To add to the chaos of the moment, she started dry heaving. I stood up, pants around my ankles, flushed, and threw her in front of the toilet. She threw up a little more into the toilet, finally seeming to come back into focus. I yelled for Wally to bring me some toilet paper.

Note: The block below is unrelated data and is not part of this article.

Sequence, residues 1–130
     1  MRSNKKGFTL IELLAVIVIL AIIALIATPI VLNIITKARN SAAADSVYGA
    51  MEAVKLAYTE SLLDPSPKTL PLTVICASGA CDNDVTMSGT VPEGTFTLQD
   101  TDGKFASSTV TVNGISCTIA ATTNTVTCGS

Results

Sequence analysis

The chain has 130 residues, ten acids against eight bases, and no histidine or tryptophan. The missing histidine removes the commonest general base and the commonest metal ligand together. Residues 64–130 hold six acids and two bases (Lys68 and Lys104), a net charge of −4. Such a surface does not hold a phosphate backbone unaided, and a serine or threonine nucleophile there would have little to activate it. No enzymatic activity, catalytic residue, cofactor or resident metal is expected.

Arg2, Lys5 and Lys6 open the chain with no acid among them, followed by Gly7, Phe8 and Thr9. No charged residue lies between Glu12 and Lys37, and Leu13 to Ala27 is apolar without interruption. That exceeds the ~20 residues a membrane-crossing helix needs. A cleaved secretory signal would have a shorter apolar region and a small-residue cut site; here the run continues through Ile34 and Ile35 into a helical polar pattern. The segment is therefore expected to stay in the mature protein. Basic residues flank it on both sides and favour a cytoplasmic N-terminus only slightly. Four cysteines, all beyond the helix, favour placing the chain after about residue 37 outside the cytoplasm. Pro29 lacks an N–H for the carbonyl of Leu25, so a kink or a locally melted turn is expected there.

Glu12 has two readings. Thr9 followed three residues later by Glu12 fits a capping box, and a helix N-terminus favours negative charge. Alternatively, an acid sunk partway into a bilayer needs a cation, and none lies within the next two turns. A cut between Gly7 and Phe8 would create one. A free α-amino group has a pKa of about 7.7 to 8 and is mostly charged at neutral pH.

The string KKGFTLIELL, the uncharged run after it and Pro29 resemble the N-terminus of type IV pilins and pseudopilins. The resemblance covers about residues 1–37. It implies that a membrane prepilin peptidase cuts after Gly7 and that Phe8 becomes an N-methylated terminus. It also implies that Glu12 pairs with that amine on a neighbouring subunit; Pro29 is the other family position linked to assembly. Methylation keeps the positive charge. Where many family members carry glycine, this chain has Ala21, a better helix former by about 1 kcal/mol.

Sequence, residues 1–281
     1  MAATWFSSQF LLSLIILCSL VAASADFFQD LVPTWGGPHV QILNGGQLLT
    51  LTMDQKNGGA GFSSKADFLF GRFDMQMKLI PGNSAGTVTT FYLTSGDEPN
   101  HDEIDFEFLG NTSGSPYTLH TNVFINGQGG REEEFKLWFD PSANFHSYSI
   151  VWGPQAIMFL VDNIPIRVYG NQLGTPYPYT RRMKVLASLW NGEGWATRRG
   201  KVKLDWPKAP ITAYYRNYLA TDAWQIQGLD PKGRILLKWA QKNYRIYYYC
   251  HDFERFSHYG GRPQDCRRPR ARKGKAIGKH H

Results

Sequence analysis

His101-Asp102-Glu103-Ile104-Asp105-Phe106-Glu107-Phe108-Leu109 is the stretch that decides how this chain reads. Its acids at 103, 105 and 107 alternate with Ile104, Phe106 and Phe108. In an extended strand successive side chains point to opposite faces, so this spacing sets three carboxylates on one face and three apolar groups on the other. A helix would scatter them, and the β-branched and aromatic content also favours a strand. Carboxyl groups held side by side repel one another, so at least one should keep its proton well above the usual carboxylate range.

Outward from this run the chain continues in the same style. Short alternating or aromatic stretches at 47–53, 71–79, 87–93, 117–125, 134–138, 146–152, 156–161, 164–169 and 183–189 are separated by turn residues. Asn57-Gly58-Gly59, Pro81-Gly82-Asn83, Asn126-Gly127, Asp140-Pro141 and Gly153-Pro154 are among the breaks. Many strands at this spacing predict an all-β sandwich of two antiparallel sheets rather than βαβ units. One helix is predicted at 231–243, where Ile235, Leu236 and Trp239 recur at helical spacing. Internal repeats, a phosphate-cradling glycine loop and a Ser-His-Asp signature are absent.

“Did you catch me?” she asked. Wally knocked, and handed me 3 squares. I laughed so hard. Because sometimes, when parenting, you are worrying about something that you know doesn’t matter in the grand scheme, but it feels like a big deal at the time. You are trying to step into your children’s lives and control things, make them shine. You are crossing the line into territory where you will shine for them, if you have to, dammit. And then you find yourself with your pants around your ankles, with your daughter yelling random things and fainting, and your son handing you 3 squares of toilet paper—and the truth is, you didn’t catch your daughter, but she landed gracefully anyway on her own. And you realize that it is all going to be okay, because you are in a comedy after all—no one’s life hangs in the balance, and everyone will live to see another day.